New Managers Club

The purpose of New Managers Club is pretty self-explanatory. But why does it exist in the first place?

By the time I was invited to attend a management training program, I had already been managing teams for over two years. I survived by studying for management like a final exam that was always the next day. I read all known management books, watched TED talks, listened to podcasts, and had coffee with anyone who would give me a piece of advice. I made tons of mistakes, and there are probably a few former employees from my earlier days who think I was a pretty bad manager. To those people — I promise I was really trying. I just had no way to practice managing you.

That’s when I realized no business can afford not to have management training. There’s simply too much at stake. Bad management drives revenue down and talent away. We often hear the phrase, “people don’t leave jobs, they leave managers.” And what are we doing about it?

Here’s what usually happens: the strongest individual contributor on a team is promoted into a management role. However, being a great manager requires a completely different set of skills than being a great individual contributor. In fact, many of the strengths that help you win as an individual contributor turn out to work against you in a management role. Strong individual contributors are motivated by their own success. They win when they receive individual recognition, a raise, or a promotion. They also win by default when peers fall behind. Managers only win when their team wins, and their leadership is only as effective as their least engaged employee.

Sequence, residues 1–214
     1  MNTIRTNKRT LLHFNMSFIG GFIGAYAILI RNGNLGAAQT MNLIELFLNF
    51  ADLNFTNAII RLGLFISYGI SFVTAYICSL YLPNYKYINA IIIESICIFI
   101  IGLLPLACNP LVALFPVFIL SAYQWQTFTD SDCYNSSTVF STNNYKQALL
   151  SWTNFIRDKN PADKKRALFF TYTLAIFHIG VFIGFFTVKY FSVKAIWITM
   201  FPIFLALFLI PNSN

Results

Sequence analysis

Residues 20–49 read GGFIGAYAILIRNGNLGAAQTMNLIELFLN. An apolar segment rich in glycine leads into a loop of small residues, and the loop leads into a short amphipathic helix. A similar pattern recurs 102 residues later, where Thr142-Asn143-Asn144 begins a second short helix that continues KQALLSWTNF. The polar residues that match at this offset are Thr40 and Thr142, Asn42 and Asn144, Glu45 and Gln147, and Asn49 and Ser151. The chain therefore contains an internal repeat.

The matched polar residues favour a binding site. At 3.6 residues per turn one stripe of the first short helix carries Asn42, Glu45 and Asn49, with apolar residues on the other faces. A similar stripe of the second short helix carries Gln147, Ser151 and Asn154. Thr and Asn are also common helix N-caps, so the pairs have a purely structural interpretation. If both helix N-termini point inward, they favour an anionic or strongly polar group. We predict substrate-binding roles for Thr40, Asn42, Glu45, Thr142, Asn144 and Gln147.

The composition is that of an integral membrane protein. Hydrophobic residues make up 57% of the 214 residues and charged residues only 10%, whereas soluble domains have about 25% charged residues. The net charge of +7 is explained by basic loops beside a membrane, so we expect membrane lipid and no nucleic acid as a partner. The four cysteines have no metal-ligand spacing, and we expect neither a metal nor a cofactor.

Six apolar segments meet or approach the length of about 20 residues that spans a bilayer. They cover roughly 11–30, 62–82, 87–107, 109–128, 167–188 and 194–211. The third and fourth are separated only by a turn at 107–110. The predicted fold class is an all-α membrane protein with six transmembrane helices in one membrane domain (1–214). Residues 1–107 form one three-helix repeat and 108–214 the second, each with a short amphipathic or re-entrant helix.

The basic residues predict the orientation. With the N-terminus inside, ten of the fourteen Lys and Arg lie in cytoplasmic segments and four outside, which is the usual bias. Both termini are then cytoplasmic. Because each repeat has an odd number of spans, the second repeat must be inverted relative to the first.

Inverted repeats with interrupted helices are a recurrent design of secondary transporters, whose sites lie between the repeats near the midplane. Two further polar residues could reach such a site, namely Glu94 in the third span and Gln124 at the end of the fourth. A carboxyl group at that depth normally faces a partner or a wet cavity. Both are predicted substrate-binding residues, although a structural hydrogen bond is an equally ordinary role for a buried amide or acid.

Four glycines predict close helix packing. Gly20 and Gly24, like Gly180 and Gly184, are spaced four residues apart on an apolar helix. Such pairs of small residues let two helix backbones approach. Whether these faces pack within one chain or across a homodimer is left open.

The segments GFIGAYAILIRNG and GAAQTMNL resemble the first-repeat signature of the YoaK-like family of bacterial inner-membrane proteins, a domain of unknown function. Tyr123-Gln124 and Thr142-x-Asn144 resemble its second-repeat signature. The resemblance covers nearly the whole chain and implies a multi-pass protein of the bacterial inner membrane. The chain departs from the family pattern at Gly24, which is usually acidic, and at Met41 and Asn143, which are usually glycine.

When your company is growing quickly, there’s no time to stop and train; not for new hires, and definitely not for new managers. Since everyone’s “building the plane while it’s flying,” management training quickly becomes de-prioritized. Especially when your company schedules it during normal business hours, when you have a million competing meetings and projects.

If you are a new manager (congrats!) you’ll want to quickly win the respect of your team and your own supervisor. You’ll want to continue your great track record and prove wrong anyone who’s doubted you. And that’s exactly why you won’t ask for help.

New Managers Club was created to give new managers a place to leave the office, share their attempts, mistakes, and eureka moments, and connect with others going through the same thing. In short, it’s for people who give a shit about growing into the leader they want to be.

New Managers Club meetings are held one evening a month in NYC. If you’d like to join, send an e-mail to newmanagersclub@gmail.com.

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